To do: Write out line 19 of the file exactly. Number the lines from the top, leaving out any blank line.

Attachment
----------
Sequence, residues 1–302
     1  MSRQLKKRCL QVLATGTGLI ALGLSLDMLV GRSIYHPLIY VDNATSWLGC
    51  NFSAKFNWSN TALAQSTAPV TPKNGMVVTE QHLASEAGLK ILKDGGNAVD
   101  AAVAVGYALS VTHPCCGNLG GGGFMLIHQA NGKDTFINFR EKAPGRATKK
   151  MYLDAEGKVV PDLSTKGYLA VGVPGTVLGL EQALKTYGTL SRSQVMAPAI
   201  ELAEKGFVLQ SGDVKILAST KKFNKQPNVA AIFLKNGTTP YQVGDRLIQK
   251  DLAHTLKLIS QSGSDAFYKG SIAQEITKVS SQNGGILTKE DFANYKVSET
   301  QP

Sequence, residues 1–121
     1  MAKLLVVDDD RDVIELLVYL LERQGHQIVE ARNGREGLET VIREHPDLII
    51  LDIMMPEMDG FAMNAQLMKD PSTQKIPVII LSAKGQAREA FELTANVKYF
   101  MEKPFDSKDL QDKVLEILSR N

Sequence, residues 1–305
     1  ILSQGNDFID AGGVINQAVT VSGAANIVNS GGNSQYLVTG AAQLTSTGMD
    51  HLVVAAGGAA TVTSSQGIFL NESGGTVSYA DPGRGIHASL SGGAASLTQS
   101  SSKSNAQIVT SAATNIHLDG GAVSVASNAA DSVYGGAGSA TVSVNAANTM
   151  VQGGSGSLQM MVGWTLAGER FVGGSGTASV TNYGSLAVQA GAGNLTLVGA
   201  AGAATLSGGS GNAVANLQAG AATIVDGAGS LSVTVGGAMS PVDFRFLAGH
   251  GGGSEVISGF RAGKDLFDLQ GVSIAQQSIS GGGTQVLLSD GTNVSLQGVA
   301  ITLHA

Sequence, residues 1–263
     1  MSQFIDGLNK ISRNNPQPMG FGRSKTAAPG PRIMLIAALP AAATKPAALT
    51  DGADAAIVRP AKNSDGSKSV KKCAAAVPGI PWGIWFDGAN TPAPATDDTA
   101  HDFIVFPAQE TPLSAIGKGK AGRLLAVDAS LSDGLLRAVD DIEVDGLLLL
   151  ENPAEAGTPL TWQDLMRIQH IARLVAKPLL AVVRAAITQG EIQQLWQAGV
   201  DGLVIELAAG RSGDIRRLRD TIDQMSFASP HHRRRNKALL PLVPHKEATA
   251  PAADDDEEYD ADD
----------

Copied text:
   251  GGGSEVISGF RAGKDLFDLQ GVSIAQQSIS GGGTQVLLSD GTNVSLQGVA